With its emphasis on fast damage, beast synergies, and effective minion trading, the Hunter class is perfect for intermediate players who are starting to experiment with play styles. Although focused on aggressive damage dealing, the Hunter class can be adapted to tempo play styles or even control.
But perhaps one of the most famous (and arguably one of the most effective) Hunter decks out there is the Face Hunter. Aggressive enough that it can close matches as early as turn 5, Face Hunter is perfect for players who take no prisoners and just want to deal as much damage as possible in the fastest way possible.
What’s a Face Hunter?
One of the most common decks you’ll find in any meta, the Face Hunter, also known as Aggro Hunter. As the name suggests, Face hunters focus on dealing direct damage to the opponent’s face, either with minions or with its hero power, which deals 2 damage directly to the enemy hero.
Commonly Used Cards
Introduced in Kobolds & Catacombs, Candleshot is a 1-cost 1/3 weapon that gives your hero immunity while attacking. Although it has fairly low stats, its mana cost and its active effect makes this an effective early game removal weapon, or as a way to chip at the enemy hero’s health.
A 1-cost 1/3 minion, the Dire Mole is a fairly vanilla minion on its own, but it provides a cheap base for other cards like Kill Command. Despite its 1 attack, the Dire Mole has 3 health which makes it a cost-efficient drop, especially when buffed with Dire Frenzy’s +3/+3.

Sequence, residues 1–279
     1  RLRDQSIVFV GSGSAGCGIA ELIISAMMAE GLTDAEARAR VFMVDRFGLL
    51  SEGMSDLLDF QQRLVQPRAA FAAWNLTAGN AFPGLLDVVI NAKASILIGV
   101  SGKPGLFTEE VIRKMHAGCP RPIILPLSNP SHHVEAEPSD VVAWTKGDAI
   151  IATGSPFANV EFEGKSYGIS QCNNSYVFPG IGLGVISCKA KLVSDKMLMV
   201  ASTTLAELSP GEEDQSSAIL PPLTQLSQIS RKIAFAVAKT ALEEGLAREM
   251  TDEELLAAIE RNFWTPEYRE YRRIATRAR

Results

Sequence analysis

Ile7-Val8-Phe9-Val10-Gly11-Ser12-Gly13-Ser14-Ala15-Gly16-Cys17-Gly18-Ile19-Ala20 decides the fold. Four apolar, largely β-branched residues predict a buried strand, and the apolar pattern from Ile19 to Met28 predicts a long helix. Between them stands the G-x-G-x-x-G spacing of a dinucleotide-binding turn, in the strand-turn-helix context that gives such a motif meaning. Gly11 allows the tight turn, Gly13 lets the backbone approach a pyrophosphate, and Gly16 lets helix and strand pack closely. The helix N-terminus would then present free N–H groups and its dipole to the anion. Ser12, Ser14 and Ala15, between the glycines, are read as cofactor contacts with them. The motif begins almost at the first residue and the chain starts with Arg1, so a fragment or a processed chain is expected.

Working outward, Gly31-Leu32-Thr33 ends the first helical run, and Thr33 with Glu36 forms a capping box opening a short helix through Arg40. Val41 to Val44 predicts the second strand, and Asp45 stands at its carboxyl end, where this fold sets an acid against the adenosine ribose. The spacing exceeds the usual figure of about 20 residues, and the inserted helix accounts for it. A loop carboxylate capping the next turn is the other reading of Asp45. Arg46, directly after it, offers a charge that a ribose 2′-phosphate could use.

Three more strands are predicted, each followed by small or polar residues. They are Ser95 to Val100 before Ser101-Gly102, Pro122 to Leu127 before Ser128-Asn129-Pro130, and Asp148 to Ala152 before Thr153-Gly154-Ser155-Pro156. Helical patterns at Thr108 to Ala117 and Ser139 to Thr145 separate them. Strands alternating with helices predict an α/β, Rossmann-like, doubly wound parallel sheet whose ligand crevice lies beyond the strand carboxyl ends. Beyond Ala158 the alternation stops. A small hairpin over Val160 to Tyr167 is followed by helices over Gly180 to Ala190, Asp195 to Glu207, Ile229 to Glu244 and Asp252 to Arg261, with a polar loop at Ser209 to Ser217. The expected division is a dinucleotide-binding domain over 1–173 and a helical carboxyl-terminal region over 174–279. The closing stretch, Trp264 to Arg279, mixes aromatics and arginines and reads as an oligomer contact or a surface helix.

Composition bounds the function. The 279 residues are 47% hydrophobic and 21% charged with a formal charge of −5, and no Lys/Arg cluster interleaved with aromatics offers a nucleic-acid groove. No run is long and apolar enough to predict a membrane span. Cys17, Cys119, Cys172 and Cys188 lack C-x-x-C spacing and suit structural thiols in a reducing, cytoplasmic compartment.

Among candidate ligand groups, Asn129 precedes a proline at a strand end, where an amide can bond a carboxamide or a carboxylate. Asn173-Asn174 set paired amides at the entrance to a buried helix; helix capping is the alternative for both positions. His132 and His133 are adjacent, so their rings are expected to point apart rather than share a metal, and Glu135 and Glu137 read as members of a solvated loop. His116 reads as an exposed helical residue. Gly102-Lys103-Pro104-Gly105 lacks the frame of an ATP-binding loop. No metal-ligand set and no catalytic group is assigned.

A 2-cost 3/2 beast, Crackling Razormaw’s battlecry lets you Adapt a friendly beast, giving it one of 10 possible adaptations:
- Crackling Shield: Give your beast Divine Shield
- Flaming Claws: Give your beast +3 Attack
- Living Spores: Give your beast Deathrattle: Summon two 1/1 plants
- Lightning Speed: Give your beast Windfury
- Liquid Membrane: Make your beast un-targetable by spells or hero powers
- Massive: Give your beast Taunt
- Volcanic Might: Give your beast +1/+1
- Rocky Carapace: Give your beast +3 health
- Shrouding Mist: Give your beast Stealth until your next turn
- Poison Spit: Make your beast poisonous
A staple for zoo decks, Timber Wolf is a strong minion buffer for Face Hunter, giving their minions the extra oomph it needs to bring down their opponent’s health. Again, on its own, the Timber Wolf is pretty weak, but with the right synergy, it’s a powerful addition to the deck.
A 2-cost 2/2 weapon that receives +1 durability if you control a beast, Headhunter’s Hatchet is a great tool for removing problematic enemy minions during the early game. However, it can also be leveraged to deal consistent damage to your opponent’s face, using it in conjecture with your hero power to do 4 damage a turn.
Arguably one of Hunter’s most valuable minions, Scavenging Hyena is a 2-cost 2/2 minion that gains +2/+1 every time a friendly beast dies. Stats alone, Scavenging Hyena already provides vanilla value, but coupled with other beasts being traded, it can become a lethal threat, even providing an OTK if the Face Hunter is able to kill off a full board full of beasts, giving the Scavenging Hyena a whopping +12/+6 stats to close the game.
A must-have for all Hunters, Animal Companion is a 3-cost spell that summons one of three beasts:
- Huffer: a 4/2 beast with Charge
- Leokk: a 2/4 beast that gives other beasts +1 attack
- Misha: a 4/4 beast with Taunt
Each beast is uniquely designed to add value to your board, whether it’s providing direct damage, buff, or Taunt cover.
A 3-cost 3/3 neutral beast, the Vicious Fledgling adapts every time it attacks a hero. Given the list of possible adaptations, Vicious Fledgling can readily snowball into a potential OTK with its attacks alone, even without any of the beast synergies. However, couple that with spells like Dire Frenzy or battlecries like Houndmaster, and this humble 3-cost beast can easily become your closer.